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Yom Kippur

Famed Yiddishist Ruth Wisse discusses soul-searching in seminal short story

In Beit Avi Chai online conversation ahead of the Day of Atonement, Wisse and historian Asael Abelson take long look at ‘My Quarrel with Hersh Rasseyner’

Jessica Steinberg covers the Sabra scene from south to north and back to the center.

Yiddishist Ruth Wisse will talk about Chaim Grade's seminal short story, 'My Quarrel with Hersh Rasseyner,' for Beit Avi Chai on September 12, 2021 (Courtesy TeleTime for the Tikvah Fund)
Yiddishist Ruth Wisse will talk about Chaim Grade's seminal short story, 'My Quarrel with Hersh Rasseyner,' for Beit Avi Chai on September 12, 2021 (Courtesy TeleTime for the Tikvah Fund)

As Yom Kippur approaches, a Day of Awe meant to be used for soul-searching, famed Yiddishist Ruth Wisse will be discussing a well-known story that delves into that very subject for the Beit Avi Chai culture center in Jerusalem.

The online event on Sunday, September 12, at 8 p.m. Israel time (1 p.m. EDT), is a conversation between Wisse and Jewish historian Asael Abelman, and one that they’ve had more than once, said Wisse in a phone call from her home in Cambridge, Massachusetts.

It’s a discussion of writer Chaim Grade’s Yiddish short story, “My Quarrel with Hersh Rasseyner,” written in the 1950s and now with a new and complete translation by Wisse.

The story describes a chance meeting of a Holocaust survivor with an old friend from his yeshiva. The narrator has lost his faith, while the friend has continued to lead a pious and devoted religious life. The former friends debate the place of religion in the postmodern world.

The story was later made into a film, “The Quarrel,” written by David Brandes and Joseph Telushkin, and a play.

Wisse — who created the Jewish Studies department at Montreal’s McGill University and then became the Martin Peretz Professor of Yiddish Literature and professor of comparative literature at Harvard University — recounted that she first met Grade when she began her studies in linguistics in Yiddish at Columbia University.

“This story immediately grabbed my interest and has held it all these years,” said Wisse, now 85. “I’ve reread it many, many times.”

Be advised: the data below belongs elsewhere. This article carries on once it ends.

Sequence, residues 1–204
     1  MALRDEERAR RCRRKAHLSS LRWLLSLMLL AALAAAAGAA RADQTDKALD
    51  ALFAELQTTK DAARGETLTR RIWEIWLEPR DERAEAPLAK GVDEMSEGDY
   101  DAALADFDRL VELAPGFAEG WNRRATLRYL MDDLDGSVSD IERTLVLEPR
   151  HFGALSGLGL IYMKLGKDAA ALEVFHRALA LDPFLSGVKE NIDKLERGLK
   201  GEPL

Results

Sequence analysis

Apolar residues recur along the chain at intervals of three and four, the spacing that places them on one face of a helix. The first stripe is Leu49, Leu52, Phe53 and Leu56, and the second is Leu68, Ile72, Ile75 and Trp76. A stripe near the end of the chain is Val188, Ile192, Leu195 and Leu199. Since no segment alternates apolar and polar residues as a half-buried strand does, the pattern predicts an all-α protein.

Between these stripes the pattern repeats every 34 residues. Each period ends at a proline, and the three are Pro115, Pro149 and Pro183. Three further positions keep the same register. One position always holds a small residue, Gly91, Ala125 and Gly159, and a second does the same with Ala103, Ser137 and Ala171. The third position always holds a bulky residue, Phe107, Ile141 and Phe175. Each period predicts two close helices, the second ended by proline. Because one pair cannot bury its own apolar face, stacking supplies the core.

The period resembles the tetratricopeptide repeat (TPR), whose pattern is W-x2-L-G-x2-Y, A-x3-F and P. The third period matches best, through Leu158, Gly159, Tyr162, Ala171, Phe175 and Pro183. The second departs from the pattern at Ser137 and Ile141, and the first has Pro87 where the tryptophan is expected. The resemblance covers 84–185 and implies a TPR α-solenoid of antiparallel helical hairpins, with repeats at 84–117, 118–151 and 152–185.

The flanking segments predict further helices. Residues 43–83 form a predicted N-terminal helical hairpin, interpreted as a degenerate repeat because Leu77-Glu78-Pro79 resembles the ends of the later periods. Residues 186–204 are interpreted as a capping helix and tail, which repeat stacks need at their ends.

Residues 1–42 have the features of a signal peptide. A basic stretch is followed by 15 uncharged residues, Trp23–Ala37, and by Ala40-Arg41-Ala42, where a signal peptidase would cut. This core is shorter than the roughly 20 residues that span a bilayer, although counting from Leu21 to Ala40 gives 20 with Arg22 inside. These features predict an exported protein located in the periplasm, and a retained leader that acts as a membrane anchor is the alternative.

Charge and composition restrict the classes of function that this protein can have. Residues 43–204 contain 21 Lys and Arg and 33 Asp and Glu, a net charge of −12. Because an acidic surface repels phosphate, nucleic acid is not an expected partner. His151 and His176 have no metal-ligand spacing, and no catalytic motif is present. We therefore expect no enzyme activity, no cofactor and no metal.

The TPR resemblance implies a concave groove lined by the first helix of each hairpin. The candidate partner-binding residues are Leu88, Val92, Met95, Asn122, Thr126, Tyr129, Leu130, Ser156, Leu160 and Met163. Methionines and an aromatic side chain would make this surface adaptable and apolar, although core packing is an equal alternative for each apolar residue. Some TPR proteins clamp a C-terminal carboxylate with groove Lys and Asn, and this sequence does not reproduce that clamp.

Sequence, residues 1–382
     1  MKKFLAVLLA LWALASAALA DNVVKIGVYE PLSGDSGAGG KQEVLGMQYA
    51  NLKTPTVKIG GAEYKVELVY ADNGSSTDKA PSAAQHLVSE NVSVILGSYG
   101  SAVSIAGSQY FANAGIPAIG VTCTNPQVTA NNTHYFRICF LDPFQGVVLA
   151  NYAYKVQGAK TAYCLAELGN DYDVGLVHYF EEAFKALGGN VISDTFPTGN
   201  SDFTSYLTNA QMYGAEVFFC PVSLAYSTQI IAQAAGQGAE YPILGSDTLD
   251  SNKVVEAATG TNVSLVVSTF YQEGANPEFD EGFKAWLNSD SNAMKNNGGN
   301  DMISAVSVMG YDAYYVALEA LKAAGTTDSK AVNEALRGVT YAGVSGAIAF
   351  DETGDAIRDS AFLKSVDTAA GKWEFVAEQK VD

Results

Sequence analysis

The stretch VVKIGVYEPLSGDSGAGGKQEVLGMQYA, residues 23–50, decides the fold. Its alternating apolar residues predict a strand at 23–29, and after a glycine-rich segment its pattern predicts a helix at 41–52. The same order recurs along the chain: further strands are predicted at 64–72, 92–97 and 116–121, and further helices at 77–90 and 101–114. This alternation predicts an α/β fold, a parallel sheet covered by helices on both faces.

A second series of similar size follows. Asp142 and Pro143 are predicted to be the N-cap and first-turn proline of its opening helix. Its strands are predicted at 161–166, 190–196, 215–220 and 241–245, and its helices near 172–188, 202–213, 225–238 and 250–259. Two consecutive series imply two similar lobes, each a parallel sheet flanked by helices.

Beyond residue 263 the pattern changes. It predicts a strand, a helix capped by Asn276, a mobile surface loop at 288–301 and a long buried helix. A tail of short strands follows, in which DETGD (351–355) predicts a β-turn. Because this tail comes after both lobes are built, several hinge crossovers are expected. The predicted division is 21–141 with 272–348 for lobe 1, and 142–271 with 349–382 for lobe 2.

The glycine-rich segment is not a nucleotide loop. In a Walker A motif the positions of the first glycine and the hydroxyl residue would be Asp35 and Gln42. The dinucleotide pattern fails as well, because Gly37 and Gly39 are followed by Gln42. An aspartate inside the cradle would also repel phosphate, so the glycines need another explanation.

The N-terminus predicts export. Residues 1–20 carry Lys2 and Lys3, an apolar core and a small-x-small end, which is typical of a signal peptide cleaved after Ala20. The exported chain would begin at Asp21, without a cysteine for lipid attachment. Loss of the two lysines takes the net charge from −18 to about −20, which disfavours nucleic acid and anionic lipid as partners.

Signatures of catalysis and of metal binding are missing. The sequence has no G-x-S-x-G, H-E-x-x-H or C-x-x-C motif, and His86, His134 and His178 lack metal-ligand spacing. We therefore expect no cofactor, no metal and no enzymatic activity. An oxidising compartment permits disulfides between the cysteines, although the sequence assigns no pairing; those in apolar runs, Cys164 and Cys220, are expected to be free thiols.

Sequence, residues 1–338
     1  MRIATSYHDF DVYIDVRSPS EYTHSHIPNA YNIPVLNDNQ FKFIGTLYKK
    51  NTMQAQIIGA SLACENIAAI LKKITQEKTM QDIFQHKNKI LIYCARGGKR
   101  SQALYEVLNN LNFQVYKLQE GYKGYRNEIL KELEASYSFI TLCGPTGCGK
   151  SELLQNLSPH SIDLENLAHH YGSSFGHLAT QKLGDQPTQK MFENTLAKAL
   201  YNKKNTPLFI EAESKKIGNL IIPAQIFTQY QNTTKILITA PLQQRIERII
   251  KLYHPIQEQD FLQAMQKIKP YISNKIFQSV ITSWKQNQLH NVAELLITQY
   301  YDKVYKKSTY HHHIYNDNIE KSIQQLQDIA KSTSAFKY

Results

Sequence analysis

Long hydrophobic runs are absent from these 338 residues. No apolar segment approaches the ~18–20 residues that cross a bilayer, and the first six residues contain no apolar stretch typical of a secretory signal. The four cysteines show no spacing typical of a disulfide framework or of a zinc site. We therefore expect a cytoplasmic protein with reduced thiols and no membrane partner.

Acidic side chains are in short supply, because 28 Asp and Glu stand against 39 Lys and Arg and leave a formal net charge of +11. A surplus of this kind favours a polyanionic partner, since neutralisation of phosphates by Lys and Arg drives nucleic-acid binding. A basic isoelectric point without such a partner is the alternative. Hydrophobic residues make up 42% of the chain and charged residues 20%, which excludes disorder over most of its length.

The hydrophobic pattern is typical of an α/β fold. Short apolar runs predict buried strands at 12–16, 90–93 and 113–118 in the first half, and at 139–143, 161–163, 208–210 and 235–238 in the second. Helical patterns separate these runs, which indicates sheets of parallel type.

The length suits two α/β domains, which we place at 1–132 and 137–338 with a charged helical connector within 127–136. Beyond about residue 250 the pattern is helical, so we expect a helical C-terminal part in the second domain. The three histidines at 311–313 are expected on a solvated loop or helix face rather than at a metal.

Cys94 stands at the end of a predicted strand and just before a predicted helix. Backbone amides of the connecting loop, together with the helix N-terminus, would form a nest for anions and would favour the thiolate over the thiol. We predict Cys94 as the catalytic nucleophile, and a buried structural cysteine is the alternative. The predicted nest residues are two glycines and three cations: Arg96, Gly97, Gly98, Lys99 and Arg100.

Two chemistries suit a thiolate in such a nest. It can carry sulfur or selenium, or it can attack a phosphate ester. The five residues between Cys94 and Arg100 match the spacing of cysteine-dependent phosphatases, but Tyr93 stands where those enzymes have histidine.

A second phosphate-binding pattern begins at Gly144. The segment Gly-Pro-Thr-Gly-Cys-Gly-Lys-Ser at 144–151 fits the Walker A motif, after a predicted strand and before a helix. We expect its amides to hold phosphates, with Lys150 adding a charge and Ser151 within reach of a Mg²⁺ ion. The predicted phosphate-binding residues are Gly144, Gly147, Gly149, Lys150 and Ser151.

She has also taught it many times, in English as well as in Yiddish, but the initial English translation was truncated and, while “excellent,” was only available in a “mimeographed version,” said Wisse. So she finally undertook to do it herself.

Wisse and her Beit Avi Chai partner, Asael Abelson, have also taught the story together many times, with Wisse handling the literature portion and Abelson teaching the historical perspective.

She’s looking forward to an Israeli audience for this edition.

“Israelis reading the story may immediately identify the argument as one between the Haredi and the secular and it may seem familiar and really contemporary, but I don’t see it that way,” said Wisse. “The more I have read this story, the more I believe that Chaim Grade needed a voice to be able to express his anger, his fury, his disappointment in Western liberal culture and he could not do that in his name.”

Grade was raised Orthodox in Vilnius and studied in yeshiva as a teenager, but then developed a more secular outlook. He lost his family in the Holocaust and resettled in New York, where he began writing fiction and poetry in Yiddish.

As a poet, said Wisse, Grade didn’t have a forum big enough for all that Hersh has to say.

“That’s the power for me, how much anger is unleashed,” she said.

She views the short story as a choice between identity and values.

“It’s such a Jewish-specific story — it feels Talmudic and internal but no, quite the contrary, students find it easy to read to penetrate,” she said. “I don’t see it as being divisive, but as a way of trying to find some equilibrium. It’s a way to achieve some kind of balance.”

For Wisse, the study of Yiddish and Jewish culture was a path she chose, having grown up in a family and city where Yiddish was still very prominent. Wisse attended Yiddish afternoon school and spoke Yiddish at home, and her mother made sure Wisse and her siblings were part of preserving her own past life in Vilna. Wisse’s brother, David Roskies, became a Yiddish scholar at the Jewish Theological Seminary and her sister was head of the Jewish public library in Montreal.

As for Wisse, she first studied English literature, as it seemed the most encompassing subject of all, but when she later met poet Abraham Sutzkever, he suggested she study Yiddish, something that hadn’t occurred to her.

“When he said it, I said, ‘Eureka, this is terrific — there are so many people teaching Shakespeare and Samuel Johnson, whom I loved, but there’s no one teaching Yiddish,'” said Wisse.

Wisse is about to launch her own memoir, “Free as a Jew,” a personal reflection of national self-liberation that is being released later this month.

“I’m now 85, and I realized that my life had become ever richer and ever more satisfying and I had more and more to be grateful for, personally,” she said. “This memoir is a way of expressing my gratitude. I also saw the world around me growing worse and much more dangerous, so the contrast between these two things is what I try to deal with in the memoir.”

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